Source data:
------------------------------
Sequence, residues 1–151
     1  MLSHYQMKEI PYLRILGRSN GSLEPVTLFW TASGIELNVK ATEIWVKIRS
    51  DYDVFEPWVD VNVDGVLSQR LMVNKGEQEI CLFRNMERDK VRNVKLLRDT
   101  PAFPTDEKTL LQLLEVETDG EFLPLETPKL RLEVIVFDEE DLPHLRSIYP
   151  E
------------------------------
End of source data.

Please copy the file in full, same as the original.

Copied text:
Sequence, residues 1–151
     1  MLSHYQMKEI PYLRILGRSN GSLEPVTLFW TASGIELNVK ATEIWVKIRS
    51  DYDVFEPWVD VNVDGVLSQR LMVNKGEQEI CLFRNMERDK VRNVKLLRDT
   101  PAFPTDEKTL LQLLEVETDG EFLPLETPKL RLEVIVFDEE DLPHLRSIYP
   151  E